Castello di Lombardia

Enna, Italy

The Castello di Lombardia iis one of the largest and most ancient edifices in Italy, with an area of some 26,000 m2.

The castle's origins are related to a fortress erected in the 1st millennium BC by the Sicani on the foundation of the ancient Henna, on a hill 970 m above sea level. It remained a key possession in the subsequent history of the island, and the Romans were able to conquer it only by passing through its sewer network.

Under the castle was the ancient Sican temple of Ceres, site of the widespread cult of that goddess in the whole of Italy, which was described by Cicero.

After the fall of the Western Roman Empire, it was used by the Byzantines and resisted Arab assaults for many years. After their victory, the latter rebuilt the fortress around the 10th century; the castle was also used by their successors in Sicily, the Normans. Two centuries later, architect Richard of Lentini was commissioned by Frederick II, Emperor and King of Sicily, to restore it as a summer residence. He added 20 towers and called in a garrison coming from the Langobardia minor (Calabria), whence the castle's name.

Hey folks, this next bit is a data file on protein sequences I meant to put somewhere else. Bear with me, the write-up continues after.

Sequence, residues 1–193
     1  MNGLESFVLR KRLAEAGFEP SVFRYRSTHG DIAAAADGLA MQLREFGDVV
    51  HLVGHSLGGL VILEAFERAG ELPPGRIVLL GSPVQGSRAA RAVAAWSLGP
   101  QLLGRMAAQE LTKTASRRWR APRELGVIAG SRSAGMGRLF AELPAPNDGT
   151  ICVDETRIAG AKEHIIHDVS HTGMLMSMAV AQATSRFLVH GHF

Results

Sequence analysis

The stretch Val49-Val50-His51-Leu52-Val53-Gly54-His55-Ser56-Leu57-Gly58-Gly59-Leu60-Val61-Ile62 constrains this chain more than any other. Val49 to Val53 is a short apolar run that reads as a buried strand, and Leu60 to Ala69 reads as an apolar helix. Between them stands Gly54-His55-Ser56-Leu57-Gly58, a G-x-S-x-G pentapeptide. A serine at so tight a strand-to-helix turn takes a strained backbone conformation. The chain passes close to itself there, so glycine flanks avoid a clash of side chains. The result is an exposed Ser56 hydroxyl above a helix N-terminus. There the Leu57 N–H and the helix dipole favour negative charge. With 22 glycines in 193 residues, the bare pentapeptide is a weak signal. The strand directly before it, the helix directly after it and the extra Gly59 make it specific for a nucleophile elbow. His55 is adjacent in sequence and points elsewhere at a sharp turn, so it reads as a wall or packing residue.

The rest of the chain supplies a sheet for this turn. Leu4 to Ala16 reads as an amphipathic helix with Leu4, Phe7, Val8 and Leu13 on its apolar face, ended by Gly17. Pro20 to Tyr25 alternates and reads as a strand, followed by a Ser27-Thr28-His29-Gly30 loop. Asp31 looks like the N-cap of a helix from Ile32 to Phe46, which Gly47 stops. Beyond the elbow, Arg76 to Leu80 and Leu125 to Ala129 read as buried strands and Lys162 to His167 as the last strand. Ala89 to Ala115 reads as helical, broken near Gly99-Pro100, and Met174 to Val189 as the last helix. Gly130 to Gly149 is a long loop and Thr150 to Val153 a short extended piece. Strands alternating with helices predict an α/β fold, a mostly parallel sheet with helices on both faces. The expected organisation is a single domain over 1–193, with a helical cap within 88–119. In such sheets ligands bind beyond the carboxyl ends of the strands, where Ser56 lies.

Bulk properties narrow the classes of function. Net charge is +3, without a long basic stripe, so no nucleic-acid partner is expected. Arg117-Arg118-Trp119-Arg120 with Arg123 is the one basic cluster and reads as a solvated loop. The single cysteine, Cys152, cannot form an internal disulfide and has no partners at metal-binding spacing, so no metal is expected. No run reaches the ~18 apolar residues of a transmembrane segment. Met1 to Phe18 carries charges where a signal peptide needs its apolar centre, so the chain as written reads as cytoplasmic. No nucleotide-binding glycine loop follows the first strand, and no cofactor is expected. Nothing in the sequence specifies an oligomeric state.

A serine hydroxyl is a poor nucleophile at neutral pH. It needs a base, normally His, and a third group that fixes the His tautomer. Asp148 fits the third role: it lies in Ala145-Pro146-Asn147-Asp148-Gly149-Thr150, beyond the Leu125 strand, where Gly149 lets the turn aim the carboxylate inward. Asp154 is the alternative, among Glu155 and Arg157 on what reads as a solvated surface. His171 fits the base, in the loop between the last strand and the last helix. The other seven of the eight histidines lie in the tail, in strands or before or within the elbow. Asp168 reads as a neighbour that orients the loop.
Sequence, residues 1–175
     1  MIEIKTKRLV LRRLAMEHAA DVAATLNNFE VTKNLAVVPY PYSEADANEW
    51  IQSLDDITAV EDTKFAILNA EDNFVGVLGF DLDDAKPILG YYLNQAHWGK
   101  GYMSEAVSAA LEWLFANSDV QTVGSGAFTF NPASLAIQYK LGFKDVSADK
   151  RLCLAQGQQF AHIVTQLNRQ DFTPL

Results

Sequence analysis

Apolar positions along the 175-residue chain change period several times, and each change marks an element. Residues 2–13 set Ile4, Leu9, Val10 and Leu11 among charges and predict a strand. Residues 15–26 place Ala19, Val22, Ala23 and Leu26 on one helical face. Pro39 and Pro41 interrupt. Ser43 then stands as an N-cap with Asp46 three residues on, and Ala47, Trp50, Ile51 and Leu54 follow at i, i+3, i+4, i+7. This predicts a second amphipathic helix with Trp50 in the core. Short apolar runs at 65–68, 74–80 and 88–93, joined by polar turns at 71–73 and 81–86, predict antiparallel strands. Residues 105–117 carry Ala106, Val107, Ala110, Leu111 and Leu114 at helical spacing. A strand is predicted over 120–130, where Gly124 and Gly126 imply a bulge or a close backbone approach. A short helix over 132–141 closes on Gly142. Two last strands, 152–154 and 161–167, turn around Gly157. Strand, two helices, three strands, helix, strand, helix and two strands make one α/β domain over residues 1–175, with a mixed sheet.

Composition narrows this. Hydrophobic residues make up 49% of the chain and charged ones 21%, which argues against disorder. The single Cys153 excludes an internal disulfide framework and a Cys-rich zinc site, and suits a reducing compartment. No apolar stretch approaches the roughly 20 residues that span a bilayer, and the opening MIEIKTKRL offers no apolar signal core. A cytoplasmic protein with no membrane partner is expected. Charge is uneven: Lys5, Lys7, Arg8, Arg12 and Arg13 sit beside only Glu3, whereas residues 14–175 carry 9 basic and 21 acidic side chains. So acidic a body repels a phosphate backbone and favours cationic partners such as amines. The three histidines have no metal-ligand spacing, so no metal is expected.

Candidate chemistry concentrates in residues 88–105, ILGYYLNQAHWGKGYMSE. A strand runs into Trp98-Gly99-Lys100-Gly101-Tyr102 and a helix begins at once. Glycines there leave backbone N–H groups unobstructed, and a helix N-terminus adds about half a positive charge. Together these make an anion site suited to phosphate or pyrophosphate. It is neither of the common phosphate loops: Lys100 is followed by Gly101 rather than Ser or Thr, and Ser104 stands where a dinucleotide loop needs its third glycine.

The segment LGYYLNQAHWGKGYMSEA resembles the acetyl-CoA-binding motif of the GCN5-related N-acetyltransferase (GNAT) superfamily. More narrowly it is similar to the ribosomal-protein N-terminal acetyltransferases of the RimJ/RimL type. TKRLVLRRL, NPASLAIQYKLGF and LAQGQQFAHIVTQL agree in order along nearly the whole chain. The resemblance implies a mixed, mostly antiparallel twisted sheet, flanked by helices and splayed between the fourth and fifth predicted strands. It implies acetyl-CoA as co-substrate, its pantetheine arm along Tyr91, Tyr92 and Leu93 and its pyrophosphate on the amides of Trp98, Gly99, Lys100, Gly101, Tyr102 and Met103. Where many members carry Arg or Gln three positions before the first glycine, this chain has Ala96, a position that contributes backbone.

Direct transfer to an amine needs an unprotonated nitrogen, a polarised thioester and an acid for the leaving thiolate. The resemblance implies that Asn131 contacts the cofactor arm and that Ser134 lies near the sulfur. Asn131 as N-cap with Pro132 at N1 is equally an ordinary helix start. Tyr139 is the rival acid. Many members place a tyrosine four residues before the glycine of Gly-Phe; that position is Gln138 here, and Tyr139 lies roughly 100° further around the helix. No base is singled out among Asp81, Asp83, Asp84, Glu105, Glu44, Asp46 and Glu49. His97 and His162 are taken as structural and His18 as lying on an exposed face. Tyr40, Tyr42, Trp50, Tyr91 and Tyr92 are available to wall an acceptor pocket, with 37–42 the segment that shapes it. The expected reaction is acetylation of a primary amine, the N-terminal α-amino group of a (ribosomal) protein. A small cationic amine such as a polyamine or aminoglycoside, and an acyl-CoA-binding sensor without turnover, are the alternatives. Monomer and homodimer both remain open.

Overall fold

With the advent of the artillery, the castle lost its primary strategic role and was turned into a prison. In the 20th and early 21st century, the castle was the site of the Teatro più vicino alle Stelle, used for opera and pop music concerts. The castle is now open to the public.

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Address

Via Lombardia 24, Enna, Italy
See all sites in Enna

Details

Founded: 10th century AD
Category: Castles and fortifications in Italy

More Information

en.wikipedia.org

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